The 26-year-old has averaged nearly a point per game in his NHL career (236 points in 246 appearances), including two goals and one assist through three contests this season. It's his second year with the Jackets after two seasons with the Chicago Blackhawks.

After leaving the bright lights of Chicago, it appears the only way Panarin would entertain the idea of re-signing with a team he's traded to is if it plays in another big market.

Pierre LeBrun of TSN said during an appearance on Vancouver's TSN 1040 the winger's preference could "hurt the Blue Jackets' return" since smaller-market teams would only be acquiring a couple months of the offensive playmaker (via Nichols on Hockey):

"Now, I will leave the door open a crack in terms of a signing through a trade if it happens to be one or two of the teams that's on this so-called list of five teams that I think he would be interested in next summer. He wants to go to a big-market team, and whether that's one of the New York area teams or a Tampa Bay because of where they are in their arc, or in L.A.—whatever it is I think it's obvious some of the markets that he's looking at. If those teams step up before the trade deadline, could they entice him to forego July 1 ahead of time. It's not out of the question."

The Tampa Bay Lightning are the only team from that group that may consider Panarin even if he doesn't want to re-sign because they are a legitimate Stanley Cup contender. The Los Angeles Kings are a fringe playoff team, while the New York Rangers and New York Islanders are rebuilding.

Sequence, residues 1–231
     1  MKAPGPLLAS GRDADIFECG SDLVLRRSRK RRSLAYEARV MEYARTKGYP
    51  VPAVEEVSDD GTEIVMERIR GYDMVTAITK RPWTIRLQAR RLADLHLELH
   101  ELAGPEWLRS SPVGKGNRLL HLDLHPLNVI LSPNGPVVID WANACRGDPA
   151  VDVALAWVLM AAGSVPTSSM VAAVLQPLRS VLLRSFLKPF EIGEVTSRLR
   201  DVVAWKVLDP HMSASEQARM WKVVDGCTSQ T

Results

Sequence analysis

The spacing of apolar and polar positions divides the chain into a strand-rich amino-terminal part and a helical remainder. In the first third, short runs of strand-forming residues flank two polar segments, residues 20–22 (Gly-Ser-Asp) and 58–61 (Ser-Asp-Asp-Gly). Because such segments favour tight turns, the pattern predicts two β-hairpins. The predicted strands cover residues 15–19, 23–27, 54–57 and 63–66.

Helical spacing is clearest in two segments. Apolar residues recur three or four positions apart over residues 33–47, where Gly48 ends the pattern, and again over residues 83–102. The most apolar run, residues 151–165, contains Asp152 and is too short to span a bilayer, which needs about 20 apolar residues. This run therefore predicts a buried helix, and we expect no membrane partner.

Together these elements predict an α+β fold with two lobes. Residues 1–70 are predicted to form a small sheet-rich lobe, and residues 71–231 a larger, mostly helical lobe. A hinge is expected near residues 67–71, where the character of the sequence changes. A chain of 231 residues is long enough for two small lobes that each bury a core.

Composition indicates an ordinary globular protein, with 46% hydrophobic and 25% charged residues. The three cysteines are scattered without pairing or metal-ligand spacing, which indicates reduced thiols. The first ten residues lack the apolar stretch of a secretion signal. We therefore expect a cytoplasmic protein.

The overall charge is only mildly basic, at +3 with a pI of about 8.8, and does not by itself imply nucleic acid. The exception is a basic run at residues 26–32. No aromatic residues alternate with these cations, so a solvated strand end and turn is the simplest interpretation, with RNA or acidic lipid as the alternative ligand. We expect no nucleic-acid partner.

So the trade market for Panarin could be tame despite his high-end talent. The Jackets might be best off keeping the dynamic forward in the hopes he can help in their championship push rather than trading him for pennies on the dollar as a rental to another team.


Sam Bennett Asking Price Still High

Sam Bennett has struggled to reach expectations since the Calgary Flames selected him with the fourth overall pick in the 2014 draft.

The 22-year-old center has only racked up 89 points (42 goals and 47 assists) in 244 games, including no points in three appearances this season. He's averaged under 10 minutes of ice time in the early going this year.

Elliotte Friedman of Hockey Night in Canada reported on Calgary's Sportsnet 960 that the Flames aren't ready to give up on his upside yet, however, noting the "price is pretty high" and that they won't risk losing him by placing him on waivers (via Nichols on Hockey):

"It's not a great situation for anybody. But it's not one I see a really easy answer to because it's one of those situations where you know another team is going to say, 'Well, I'm not going to give you this because he's not playing,' and the Flames are saying, 'Well, I'm not taking that' because the kid is 22 years old, and he's got a lot of potential."

It's even more of a catch-22 situation because Bennett needs to play top-six minutes to produce the type of offensive numbers the Flames expected when they drafted him, but he hasn't proved worthy of those opportunities based on his play over the past three seasons.

Friedman believes "it's clear that maybe both the player and team need a chance of scenery," and it's hard to argue with that assessment.

The Flames will likely need to wait until Bennett enjoys at least a brief scoring surge to have any chance of getting back anywhere near their original investment in the former top prospect.